Les Enfants Terribles

Music by Philip Glass

Philip Glass’s hypnotic meditation on youth receives a powerful, dance-driven production by director James Darrah and conducted by Christopher Rountree.  

About the Opera 

Long Beach Opera continues its commitment to the operas of Philip Glass with Les Enfants Terribles (1996)the final piece of his trilogy based on the works of Jean Cocteau. James Darrah’s powerful and physically demanding production, originally seen at The One Festival at Opera Omaha, sheds new light on the piece’s conception as a dance opera. Glass himself adapted Cocteau’s novel into a libretto, which tells the story of two orphaned children who live in dangerous isolation from the outside world. Glass’s kinetic score, set for three overlapping pianos, transforms the original story into a hypnotic meditation on youth’s transience and its tragic illusion of eternity.  

LBO Artistic Director James Darrah has adapted his original production to adhere to covid safety protocols, and the performance will take place on the roof of a parking garage attached to a shopping center. The production will be a drive-in style performance, with the performers utilizing the entire structure as a performance area. In addition to the live action, there will be multiple video screens throughout the space on which the action is projected, and guests can enjoy the audio either through their FM radios in their vehicles, or through ambient sound amplified throughout the space. Whether remaining inside vehicles or taking in the opera "tailgate style" in the open air, every audience member will have a unique experience with this immersive solution to safety protocols that remains artistically innovative.

“Choreographer Gustavo Ramirez Sansano and Darrah achieved an optimal blend of dance and theater that elevated Glass’s opera to a level of clarity and meaning that will undoubtedly enkindle a passion for opera in those in the audience who were new to genre and renew the excitement of those already enthralled.” Opera News

Philip Glass

American composer, Philip Glass, was born 1937 in Baltimore, Maryland where he began collecting records from his father's record store including modern music and western classical music.  At the young age 15, Glass was accepted into an accelerated college program at the University of Chicago studying Mathematics and Philsophy. Glass discovered surealism in Chicago and a few years later attended the Julliard School of Music where he studied keyboard and composition. Now a composer of operas and symphones he has collaborated with artists such as Twyla Tharp, Allen Ginsberg, Woody Allen and David Bowie. Along with his popular operas Einstein on the Beach, Satyagraha, Akhnaten, and The Voyage he has also composed for theater and motion pictures including The Hours, Kindun, and Koyaanisqatsi. Glass has described that his music has "immersed a listener in a sort of sonic weather that twists, turns, surrounds, develops". Considered one of the most influential music makers of the late 20th century Glass has composed over 25 operas, 8 symphonies and two piano concertos.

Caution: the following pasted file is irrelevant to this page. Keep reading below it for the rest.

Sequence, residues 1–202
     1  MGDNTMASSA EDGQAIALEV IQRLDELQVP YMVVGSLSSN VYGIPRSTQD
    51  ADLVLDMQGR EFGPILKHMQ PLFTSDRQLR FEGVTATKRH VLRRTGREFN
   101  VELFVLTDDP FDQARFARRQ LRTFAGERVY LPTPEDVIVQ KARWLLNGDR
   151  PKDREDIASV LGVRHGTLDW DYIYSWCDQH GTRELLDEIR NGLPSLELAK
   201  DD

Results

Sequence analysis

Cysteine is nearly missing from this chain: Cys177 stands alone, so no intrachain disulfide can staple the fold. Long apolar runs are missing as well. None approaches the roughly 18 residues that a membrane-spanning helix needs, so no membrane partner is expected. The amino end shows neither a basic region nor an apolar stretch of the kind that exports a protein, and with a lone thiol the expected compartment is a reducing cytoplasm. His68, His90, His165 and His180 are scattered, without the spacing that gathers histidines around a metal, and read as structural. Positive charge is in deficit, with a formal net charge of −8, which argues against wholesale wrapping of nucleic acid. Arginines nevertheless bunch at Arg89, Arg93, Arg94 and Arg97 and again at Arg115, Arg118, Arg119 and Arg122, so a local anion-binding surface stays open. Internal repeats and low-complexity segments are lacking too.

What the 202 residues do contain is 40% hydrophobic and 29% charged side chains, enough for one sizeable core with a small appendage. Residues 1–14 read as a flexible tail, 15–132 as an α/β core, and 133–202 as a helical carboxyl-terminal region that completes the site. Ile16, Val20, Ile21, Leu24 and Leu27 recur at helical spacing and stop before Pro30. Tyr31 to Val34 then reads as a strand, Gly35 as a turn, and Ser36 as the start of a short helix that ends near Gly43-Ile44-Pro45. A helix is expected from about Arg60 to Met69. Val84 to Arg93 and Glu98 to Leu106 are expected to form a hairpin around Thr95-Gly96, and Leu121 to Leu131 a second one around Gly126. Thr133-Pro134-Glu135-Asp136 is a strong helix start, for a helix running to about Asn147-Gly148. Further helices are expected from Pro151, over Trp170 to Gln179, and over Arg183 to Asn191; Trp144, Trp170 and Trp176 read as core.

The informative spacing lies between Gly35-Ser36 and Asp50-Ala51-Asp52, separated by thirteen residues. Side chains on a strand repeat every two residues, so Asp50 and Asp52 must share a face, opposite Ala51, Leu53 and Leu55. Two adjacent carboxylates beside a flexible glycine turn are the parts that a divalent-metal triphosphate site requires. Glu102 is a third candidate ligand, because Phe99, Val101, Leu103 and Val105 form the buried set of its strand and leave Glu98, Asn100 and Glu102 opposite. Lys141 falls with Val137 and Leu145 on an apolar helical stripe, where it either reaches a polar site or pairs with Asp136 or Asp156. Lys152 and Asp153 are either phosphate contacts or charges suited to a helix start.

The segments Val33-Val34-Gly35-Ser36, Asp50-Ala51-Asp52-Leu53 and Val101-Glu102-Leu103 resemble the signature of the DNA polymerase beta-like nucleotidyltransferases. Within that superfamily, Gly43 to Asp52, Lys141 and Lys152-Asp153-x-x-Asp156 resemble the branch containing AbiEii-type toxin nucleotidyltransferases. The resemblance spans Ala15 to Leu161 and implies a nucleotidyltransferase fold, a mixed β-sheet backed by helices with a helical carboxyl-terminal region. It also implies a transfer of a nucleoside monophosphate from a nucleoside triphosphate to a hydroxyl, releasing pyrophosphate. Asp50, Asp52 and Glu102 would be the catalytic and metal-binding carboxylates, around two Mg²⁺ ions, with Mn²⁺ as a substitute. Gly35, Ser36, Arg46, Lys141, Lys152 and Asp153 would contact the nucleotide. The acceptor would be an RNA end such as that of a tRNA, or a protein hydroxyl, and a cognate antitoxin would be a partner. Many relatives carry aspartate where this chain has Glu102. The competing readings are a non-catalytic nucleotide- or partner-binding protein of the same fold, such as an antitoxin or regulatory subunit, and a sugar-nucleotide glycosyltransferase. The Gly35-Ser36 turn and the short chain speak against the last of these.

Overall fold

• Orson Van Gay - Gerard
  • Edward Nelson - Paul
  • Anna Schubert - Elisabeth
  • Sarah Beaty - Argelos / Agathe


  • Shauna Davis
  • Samantha Mohr
  • Maleek Washington
  • Joe Davis

Artistic Team

  • James Darrah - Director
  • Chistopher Rountree - Conductor
  • Chris Emile - Choreographer
  • Yuki Izumihara - Scenic Designer
  • Camille Assaf - Costume Designer
  • Dan Weingarten - Lighting Designer
  • Benjamin Mass - Sound Designer
  • Adam Larsen - Projection Designer


  • The One Festival at Opera Omaha

National Endowement for the Arts    California Arts Council Arts Council for Long Beach City of Long Beach Art Works Opera America KUSC

This activity is supported in part by the California Arts Council, a state agency. Learn more at cac.ca.gov
Supported in part by a grant from the Arts Council for Long Beach and the City of Long Beach.
Long Beach Opera events are supported, in part, by the Los Angeles County Board of Supervisors through the Los Angeles County Arts Commission